South Korean Navy has been pushing forward a plan to construct a naval base in a southern-most beautiful island of Jeju, specifically a village called Gangjung, but, due to several entangled reasons, Gangjung villagers vehemently objected to the plan and have been protesting it for 4 years now. Many foreign scholars indicated that naval base would be a site of missile defense of US which would complicate the intricate balance of international military power web around this far-eastern area and made a supportive statement for villagers’ protest. Here’s the full statement.
We are deeply concerned about the construction of a new naval base in Gangjeong village on Jeju Island in South Korea. For more than a decade now, residents there have voiced strong opposition to the new base, yet the government has answered their protests with violence and a refusal to reconsider the militarization of the island.
In 1948, under the auspices of a US military government, more than 30,000 Jeju islanders—nearly one of every nine inhabitants—were brutally murdered after they rose up to protest the division of Korea. Although the US government was at least partly responsible, it has never acknowledged nor apologized to the families of the victims. In 2003, South Korean President Noh Moo-hyun apologized, and Jeju was later officially declared a “peace island.”
Jeju is strategically located in the Northeast Asia triangle between Russia, China, and Japan. According to the South Korea-US Mutual Defense Agreement, all Korean military bases can be used by the US. Since the naval base is being built to accommodate Aegis class battleships, Jeju will be placed on the frontlines of any future US-China conflict.
UNESCO declared Jeju Island a World Heritage Site because of its natural beauty. Building a naval base there will pollute its pristine environment, an important asset belonging to all humankind.
Over the past decade, the South Korean government has resorted to force to impose the base upon islanders opposed to it, and many citizens have been arrested or injured. We are very concerned for people’s safety. We call upon the South Korean government to thoroughly investigate this matter and to prevent the future use of violence against protesting citizens.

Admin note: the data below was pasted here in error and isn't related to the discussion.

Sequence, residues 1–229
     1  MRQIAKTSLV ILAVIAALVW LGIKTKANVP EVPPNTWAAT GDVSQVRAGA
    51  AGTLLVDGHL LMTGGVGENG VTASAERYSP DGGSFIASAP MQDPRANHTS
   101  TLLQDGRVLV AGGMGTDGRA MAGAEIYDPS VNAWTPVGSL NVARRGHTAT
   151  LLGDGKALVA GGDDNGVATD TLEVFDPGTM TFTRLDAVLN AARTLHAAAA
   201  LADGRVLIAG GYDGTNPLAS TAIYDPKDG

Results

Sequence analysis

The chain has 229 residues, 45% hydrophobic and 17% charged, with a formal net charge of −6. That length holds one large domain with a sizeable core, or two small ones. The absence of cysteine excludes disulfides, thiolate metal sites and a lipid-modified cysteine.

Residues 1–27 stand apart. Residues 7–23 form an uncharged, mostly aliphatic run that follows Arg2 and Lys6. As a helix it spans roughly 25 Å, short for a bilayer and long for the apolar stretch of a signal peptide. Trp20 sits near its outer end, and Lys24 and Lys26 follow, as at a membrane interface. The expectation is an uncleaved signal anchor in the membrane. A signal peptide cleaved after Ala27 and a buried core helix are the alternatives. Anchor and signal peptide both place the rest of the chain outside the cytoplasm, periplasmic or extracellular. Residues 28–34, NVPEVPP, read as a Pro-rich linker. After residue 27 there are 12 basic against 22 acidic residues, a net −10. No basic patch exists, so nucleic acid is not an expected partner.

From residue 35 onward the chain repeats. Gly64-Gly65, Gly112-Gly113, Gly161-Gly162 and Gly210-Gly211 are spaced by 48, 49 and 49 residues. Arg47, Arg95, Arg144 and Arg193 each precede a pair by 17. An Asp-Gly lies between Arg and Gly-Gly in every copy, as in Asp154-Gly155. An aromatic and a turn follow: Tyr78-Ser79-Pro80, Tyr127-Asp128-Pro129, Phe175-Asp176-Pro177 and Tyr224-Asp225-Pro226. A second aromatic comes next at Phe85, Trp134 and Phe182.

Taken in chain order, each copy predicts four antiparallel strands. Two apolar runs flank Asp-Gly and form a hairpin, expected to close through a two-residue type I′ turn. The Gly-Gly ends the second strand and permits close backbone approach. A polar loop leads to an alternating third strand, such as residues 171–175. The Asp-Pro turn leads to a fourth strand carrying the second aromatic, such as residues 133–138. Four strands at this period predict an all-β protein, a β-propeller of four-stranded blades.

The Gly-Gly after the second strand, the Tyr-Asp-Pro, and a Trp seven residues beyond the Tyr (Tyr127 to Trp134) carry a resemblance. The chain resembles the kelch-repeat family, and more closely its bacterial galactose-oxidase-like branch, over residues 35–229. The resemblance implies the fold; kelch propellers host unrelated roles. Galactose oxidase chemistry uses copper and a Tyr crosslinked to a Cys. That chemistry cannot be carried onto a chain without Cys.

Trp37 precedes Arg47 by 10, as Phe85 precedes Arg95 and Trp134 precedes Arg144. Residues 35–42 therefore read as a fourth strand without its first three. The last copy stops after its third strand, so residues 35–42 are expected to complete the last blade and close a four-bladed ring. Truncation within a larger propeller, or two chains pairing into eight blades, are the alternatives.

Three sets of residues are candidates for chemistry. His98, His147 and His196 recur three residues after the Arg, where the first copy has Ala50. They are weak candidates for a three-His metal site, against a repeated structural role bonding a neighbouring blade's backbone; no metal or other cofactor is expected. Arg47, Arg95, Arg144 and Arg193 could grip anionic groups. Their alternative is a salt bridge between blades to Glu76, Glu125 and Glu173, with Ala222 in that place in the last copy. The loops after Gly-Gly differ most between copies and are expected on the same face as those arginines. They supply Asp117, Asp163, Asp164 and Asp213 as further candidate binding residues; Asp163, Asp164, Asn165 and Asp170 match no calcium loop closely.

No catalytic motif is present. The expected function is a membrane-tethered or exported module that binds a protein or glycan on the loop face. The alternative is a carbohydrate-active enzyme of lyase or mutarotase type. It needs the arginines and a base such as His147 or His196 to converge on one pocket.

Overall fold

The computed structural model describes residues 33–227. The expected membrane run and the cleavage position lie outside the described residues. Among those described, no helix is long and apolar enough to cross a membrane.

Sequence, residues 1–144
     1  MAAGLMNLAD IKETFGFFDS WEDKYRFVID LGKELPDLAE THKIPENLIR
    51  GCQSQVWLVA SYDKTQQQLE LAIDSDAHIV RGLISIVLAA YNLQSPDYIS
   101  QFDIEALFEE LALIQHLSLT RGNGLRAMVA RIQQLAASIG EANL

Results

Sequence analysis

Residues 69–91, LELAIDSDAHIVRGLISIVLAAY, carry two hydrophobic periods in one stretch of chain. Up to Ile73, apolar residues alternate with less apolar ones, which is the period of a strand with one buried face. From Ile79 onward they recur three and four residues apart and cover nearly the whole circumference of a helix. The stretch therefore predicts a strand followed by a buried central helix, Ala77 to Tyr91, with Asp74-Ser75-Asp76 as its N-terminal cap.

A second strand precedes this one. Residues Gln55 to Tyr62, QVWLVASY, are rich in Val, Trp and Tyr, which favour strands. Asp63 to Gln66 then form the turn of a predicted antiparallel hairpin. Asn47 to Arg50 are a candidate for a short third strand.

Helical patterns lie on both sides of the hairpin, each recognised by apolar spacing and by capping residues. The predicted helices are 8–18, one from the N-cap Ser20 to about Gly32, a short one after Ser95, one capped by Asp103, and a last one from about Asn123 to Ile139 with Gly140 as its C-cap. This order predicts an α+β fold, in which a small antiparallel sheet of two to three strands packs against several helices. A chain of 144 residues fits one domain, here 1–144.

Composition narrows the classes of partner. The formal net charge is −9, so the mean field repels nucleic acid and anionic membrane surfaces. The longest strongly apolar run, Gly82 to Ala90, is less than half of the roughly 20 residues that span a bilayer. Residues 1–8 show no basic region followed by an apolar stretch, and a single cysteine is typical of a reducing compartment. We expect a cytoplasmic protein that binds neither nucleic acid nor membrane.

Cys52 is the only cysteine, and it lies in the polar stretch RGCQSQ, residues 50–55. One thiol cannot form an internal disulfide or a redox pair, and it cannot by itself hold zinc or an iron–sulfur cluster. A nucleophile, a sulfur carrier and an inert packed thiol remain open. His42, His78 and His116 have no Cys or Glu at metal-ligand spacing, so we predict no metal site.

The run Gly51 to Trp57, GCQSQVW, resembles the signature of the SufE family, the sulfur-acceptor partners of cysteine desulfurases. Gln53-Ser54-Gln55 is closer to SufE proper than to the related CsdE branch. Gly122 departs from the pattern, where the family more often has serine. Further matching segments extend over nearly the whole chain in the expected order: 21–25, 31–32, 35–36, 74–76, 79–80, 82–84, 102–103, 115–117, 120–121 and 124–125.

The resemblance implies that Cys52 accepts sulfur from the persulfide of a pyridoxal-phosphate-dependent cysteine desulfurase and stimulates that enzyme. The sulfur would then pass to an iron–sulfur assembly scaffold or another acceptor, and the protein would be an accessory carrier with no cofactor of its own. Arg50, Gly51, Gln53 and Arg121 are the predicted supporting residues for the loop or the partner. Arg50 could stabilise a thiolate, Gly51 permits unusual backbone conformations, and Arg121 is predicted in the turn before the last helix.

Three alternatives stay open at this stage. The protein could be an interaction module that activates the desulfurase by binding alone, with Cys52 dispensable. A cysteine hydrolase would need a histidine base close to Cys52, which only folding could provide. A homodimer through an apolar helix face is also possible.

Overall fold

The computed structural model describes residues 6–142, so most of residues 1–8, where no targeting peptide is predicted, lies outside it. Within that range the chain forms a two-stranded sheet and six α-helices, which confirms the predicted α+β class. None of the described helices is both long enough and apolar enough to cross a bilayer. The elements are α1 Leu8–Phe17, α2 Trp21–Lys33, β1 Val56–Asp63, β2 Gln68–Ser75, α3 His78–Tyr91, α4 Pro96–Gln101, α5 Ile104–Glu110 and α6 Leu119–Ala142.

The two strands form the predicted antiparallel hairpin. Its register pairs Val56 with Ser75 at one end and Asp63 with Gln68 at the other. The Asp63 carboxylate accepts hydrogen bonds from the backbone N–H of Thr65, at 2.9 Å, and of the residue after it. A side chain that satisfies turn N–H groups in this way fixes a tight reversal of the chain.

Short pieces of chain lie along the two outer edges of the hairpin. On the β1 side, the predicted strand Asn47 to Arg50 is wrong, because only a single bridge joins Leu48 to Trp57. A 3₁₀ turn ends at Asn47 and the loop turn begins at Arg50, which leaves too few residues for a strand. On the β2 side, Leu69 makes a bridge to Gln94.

We send our respect to the people of Jeju and support them in their struggle to keep their island a demilitarized zone. We support the non-violent resistance of residents of Gangjeong village and support their call for the immediate cancellation of naval base construction.
Noam Chomsky, Massachusetts Institute of Technology*
James Petras, State University of New York, Binghamton
Richard Levins, Harvard Medical School
George Katsiaficas, Wentworth Institute of Technology
Carl Boggs, National University
Ramsay Liem, Boston College
John Berg, Suffolk University
Edward J. Baker, Harvard University
Mariarosa Dalla Costa, University of Padua, Italy
John Trumpbour, Research Director at Harvard Law School
Gerardo Renique, City University of New York
Peter Bohmer, Evergreen State College
John Ehrenberg, Long Island University
Darcy Leach, Bradley University
Grant McCall, University of New South Wales
Ronda Hauben, ohmynews citizen reporter, UN accredited reporter
Jay Hauben, ohmynews citizen repetor
Loren Goldner, Queequeg Publications
Ramsey Kanaan, PM Press
Sasha Lilley, KPFA Radio
Grace Lee Boggs, Boggs Center to Nurture Community Leadership
Dennis Doyle, San Diego
Jeff Land, Durant Road Middle School
Jack Hipp, Southern New Jersey Peace Action Network
Theodore Saunway, Composer. Berlin, Germany